punishment and reward signals [SuttonBarto98] was considered to
allow the robot generate behavioral responses as a function of
its sensations. Third, a model of the environment is dynamically
created to improve the interaction with the actual environment
[Sutton90]. The system alternately operates on the environment
and on the learned model of the environment by a process of
"mental rehearsal".

Finally, we have combined the capabilities of the incremental
learning FAST neural architecture with reinforcement learning
techniques and planning to learn an obstacle avoidance task with
a Khepera [MondadaEtAl93] autonomous mobile robot
[PerezSanchez99,Perez99]. This architecture and its
implementation using programmable hardware devices [Sanchez96]
may be viewed as a first step towards the development of more
complex neurocontrollers implementing many diverse cooperating
brain-like structures. Indeed, the implementation of the learning
paradigms presented above should enable us to think of a new kind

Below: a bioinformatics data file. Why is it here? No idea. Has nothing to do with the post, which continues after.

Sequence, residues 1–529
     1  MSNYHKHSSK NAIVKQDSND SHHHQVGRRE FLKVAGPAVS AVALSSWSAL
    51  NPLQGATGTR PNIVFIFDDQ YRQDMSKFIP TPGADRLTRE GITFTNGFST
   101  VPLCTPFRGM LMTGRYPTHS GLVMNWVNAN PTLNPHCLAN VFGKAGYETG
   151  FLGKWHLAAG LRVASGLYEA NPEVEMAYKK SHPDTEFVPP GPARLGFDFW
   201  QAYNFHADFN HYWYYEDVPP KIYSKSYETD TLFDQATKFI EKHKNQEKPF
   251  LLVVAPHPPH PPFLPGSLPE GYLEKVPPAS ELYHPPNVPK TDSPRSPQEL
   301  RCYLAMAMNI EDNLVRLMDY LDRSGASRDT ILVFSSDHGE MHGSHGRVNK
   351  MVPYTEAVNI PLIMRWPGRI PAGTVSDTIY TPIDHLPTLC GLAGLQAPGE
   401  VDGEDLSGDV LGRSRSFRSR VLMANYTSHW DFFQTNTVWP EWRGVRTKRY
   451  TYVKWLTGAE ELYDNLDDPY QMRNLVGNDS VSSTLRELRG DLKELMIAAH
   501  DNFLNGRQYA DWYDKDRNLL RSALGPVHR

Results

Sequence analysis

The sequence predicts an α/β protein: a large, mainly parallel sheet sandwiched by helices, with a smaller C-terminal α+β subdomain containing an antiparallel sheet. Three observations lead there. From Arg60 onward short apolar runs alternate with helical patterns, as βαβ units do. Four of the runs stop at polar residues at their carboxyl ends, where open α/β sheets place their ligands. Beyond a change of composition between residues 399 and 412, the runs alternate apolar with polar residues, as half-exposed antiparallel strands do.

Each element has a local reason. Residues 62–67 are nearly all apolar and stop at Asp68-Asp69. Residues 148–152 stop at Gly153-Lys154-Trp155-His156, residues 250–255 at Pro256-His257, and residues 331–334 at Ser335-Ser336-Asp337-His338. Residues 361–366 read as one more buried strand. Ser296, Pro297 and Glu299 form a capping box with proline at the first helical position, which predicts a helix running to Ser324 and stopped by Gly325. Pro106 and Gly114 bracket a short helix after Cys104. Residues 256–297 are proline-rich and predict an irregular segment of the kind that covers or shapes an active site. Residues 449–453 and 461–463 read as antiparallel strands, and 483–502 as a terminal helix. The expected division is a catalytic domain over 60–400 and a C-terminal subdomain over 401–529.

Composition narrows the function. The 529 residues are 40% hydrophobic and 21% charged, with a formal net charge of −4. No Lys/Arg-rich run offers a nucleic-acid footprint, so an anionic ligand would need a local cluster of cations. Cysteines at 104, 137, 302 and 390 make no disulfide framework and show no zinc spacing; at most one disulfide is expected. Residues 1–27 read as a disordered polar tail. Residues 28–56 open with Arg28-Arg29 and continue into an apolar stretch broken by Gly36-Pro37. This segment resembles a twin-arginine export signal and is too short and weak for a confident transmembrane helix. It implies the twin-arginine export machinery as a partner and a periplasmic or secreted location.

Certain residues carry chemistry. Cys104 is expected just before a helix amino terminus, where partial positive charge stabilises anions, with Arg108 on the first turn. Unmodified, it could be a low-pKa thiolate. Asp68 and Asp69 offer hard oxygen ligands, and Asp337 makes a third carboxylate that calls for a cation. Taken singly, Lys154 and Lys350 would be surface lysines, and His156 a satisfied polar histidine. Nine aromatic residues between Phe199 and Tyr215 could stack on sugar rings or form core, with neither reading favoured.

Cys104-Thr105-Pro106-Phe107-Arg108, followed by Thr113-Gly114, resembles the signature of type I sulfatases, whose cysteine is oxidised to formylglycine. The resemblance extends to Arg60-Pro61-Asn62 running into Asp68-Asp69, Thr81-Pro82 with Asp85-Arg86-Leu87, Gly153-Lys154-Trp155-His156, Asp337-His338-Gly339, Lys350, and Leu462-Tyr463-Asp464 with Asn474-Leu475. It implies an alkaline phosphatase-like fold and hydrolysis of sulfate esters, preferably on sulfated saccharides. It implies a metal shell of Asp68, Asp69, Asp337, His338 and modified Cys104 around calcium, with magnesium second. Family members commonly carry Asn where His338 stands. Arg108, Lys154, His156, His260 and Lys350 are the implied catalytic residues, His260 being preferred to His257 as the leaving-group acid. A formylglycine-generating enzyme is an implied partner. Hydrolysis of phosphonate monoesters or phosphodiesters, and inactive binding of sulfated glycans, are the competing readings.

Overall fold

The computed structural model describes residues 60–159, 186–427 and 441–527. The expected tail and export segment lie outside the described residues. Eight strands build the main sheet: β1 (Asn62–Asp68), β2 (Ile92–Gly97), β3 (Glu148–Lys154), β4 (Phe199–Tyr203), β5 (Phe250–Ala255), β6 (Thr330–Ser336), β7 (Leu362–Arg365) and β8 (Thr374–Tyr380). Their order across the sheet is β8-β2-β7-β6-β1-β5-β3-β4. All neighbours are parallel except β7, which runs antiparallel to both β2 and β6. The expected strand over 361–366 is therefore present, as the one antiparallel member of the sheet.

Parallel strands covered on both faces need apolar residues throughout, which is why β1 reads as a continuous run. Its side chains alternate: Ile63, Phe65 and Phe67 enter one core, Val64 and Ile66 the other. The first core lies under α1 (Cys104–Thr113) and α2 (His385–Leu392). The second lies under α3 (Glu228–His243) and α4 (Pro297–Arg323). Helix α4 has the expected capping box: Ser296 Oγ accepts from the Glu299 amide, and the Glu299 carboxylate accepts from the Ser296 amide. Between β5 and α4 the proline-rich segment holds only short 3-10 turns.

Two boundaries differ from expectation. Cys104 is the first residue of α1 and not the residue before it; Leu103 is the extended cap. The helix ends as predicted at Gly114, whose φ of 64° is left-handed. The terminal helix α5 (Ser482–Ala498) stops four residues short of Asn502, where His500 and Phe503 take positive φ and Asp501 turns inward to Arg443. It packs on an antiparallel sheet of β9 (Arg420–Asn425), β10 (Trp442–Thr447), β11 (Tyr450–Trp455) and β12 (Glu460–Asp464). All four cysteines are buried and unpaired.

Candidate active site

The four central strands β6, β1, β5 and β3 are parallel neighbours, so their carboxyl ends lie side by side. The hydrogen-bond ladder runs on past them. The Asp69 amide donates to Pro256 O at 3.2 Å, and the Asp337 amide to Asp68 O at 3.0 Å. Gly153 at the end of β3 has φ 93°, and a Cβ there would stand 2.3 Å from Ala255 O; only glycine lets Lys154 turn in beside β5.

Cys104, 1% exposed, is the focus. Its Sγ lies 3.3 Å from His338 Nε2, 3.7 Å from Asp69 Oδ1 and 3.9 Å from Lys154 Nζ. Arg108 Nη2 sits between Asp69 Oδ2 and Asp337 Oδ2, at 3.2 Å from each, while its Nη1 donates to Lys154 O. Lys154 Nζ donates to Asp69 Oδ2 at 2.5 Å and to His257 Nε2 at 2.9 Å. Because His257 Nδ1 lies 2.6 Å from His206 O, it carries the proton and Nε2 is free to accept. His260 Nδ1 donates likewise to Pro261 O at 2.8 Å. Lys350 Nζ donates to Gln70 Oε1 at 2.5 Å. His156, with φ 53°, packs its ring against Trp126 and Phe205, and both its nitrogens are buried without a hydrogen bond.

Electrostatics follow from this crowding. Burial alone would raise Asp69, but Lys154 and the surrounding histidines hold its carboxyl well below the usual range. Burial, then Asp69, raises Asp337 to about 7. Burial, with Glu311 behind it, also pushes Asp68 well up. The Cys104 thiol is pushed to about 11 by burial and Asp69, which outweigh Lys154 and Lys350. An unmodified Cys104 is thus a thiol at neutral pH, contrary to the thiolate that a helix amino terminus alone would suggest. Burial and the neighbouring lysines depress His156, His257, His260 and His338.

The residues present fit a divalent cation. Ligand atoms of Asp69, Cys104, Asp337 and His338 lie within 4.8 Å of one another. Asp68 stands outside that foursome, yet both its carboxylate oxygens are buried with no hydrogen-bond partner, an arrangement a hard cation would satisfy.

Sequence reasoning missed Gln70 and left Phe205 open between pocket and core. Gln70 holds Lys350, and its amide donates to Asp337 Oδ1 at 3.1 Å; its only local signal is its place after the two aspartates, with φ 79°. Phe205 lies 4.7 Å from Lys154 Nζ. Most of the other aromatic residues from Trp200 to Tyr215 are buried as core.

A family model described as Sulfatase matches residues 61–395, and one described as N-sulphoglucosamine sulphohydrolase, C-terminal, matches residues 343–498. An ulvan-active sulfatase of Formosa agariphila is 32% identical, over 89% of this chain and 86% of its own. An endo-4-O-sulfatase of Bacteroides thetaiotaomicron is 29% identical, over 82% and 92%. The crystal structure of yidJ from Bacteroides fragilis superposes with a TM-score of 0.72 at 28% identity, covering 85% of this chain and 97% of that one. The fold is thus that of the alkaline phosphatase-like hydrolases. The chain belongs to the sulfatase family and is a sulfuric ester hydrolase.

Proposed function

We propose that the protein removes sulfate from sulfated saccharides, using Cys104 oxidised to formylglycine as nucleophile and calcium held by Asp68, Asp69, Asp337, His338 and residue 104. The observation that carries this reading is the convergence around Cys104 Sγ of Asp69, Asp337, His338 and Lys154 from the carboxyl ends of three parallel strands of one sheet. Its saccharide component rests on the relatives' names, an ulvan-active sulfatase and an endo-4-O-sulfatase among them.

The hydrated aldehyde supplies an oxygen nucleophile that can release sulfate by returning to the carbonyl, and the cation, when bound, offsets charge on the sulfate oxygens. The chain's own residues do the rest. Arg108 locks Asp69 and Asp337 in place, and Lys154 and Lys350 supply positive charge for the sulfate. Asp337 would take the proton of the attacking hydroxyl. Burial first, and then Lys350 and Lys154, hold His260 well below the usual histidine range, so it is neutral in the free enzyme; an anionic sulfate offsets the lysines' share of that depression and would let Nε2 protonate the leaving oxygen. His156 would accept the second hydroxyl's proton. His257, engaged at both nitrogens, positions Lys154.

of machines, where, effectively,  learning by examples and
interaction replace programming  (without needing to emulate such
principles using a programmable computing machine).  In this kind
of machines, the learning algorithm  would emerge from the
dynamics of the interconnection of the processing  elements,
which may be the key to realize a system endowed with
"semantics" (i.e., a system that is capable of associating a
meaning  to the symbols it uses for computing)
[Searle80,Searle90], and not merely with "syntax", as it is the
case of our current computing machines.


[Edelman92] G. Edelman.
"Bright Air, Brilliant Fire", Basic Books,
New York, 1992

[SipperetAl97] M. Sipper,E. Sanchez,D. Mange,M. Tomassini,